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Jointly organised by the OECD and ESCAP, this conference focused on the role of governments in supporting and facilitating more sustainable and inclusive business practices in the Asia-Pacific region.
Sound debt management allows African policymakers to develop local-currency bond markets, integrate into a worldwide network of debt managers, and to enhance awareness of advances in Africa among policymakers, investors and others outside the continent.
This statistical yearbook provides quantitative information on African central government debt instruments. It includes individual country data but also comparative statistics to facilitate pan-African (cross-country) analysis.
18-19 November 2013 - Swakopmund, Namibia. This meeting served to reach a consensus on the Southern African Guidelines on the Governance of State-Owned Enterprises and worked towards developing company guidance on anti-corruption and corporate ethics in SOEs.
Mexico has partnered with the OECD to improve its procurement practices and step up its fight against bid rigging. In January 2011, Mexico's Social Security Department became the first public agency in Mexico (and in the world) to formally commit to adopt and implement the OECD Competition Committee’s Guidelines for Fighting Bid Rigging in Public Procurement.
This report documents procurement regulations and practices in Mexico's State's Employees' Social Security and Social Services Institute(ISSSTE) and makes policy recommendations in key procurement areas.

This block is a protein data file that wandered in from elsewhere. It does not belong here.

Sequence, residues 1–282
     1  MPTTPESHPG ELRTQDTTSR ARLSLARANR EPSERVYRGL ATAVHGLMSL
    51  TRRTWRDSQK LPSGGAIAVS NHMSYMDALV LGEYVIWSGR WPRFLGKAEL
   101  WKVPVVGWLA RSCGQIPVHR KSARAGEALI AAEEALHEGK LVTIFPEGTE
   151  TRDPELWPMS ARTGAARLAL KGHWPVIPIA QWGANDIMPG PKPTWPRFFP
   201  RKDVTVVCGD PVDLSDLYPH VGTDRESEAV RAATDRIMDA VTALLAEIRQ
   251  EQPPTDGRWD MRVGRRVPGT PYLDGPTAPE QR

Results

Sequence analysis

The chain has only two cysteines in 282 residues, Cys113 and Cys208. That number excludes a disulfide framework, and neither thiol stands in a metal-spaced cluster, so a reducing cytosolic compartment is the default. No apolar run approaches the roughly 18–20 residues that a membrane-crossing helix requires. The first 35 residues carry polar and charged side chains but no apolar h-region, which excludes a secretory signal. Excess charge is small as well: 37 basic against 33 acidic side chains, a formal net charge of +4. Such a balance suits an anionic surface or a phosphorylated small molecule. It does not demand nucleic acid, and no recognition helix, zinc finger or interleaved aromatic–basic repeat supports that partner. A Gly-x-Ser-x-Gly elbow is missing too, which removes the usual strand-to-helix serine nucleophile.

This programme generates consensus on investment related policy reform among stakeholders in Southern African countries (governments, private sector, civil society and development partners).
Participants in this multi-stakeholder meeting reviewed and discussed the implementation of the OECD Due Diligence Guidance and in the 3Ts supply chain to ensure that companies avoid contributing to conflict through their mineral or metal purchasing decisions and practices.
This Investment Policy Review examines Mozambique's achievements in developing an open and transparent investment regime and its efforts to reduce restrictions on international investment.
English, PDF, 848kb
Many investor-state dispute settlement (ISDS) claims are by shareholders for so-called "reflective loss" incurred as a result of injury to “their” company. This paper (i) compares the wide acceptance of such claims in ISDS with their general prohibition in advanced systems of national corporate law; and (ii) analyses policy issues raised by such claims (e.g., risk of double recovery, high legal costs, injury to creditors, etc.).